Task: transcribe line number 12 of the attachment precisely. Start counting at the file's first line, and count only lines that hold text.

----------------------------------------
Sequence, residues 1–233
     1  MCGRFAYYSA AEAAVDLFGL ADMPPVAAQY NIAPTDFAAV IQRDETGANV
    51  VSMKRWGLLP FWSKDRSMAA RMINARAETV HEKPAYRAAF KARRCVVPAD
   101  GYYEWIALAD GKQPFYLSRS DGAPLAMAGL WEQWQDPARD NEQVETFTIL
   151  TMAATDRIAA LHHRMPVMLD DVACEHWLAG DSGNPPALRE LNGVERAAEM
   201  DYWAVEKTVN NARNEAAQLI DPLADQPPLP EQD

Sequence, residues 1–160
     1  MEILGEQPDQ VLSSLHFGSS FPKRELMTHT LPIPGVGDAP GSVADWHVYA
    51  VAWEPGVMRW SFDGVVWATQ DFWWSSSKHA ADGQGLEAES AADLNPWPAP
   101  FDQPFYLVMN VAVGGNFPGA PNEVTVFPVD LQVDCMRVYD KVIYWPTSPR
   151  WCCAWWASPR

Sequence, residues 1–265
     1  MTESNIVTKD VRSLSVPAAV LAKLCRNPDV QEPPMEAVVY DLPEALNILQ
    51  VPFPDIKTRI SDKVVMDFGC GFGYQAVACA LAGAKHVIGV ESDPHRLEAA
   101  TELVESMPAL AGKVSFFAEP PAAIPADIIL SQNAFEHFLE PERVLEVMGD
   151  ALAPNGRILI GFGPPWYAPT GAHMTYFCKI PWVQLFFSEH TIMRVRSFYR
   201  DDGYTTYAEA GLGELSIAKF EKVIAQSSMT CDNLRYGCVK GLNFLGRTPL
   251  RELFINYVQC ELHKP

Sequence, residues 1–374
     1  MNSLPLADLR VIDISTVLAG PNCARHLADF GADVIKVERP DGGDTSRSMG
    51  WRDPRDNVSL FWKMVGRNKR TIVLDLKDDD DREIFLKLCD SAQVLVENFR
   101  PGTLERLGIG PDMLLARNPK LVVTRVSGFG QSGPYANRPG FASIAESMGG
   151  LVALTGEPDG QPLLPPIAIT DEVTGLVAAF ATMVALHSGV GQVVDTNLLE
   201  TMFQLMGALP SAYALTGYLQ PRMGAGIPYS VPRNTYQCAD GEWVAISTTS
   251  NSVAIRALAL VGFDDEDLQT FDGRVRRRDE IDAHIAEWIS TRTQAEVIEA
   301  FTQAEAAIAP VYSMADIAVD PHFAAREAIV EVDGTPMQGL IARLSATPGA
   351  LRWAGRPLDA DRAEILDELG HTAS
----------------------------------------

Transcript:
Sequence, residues 1–265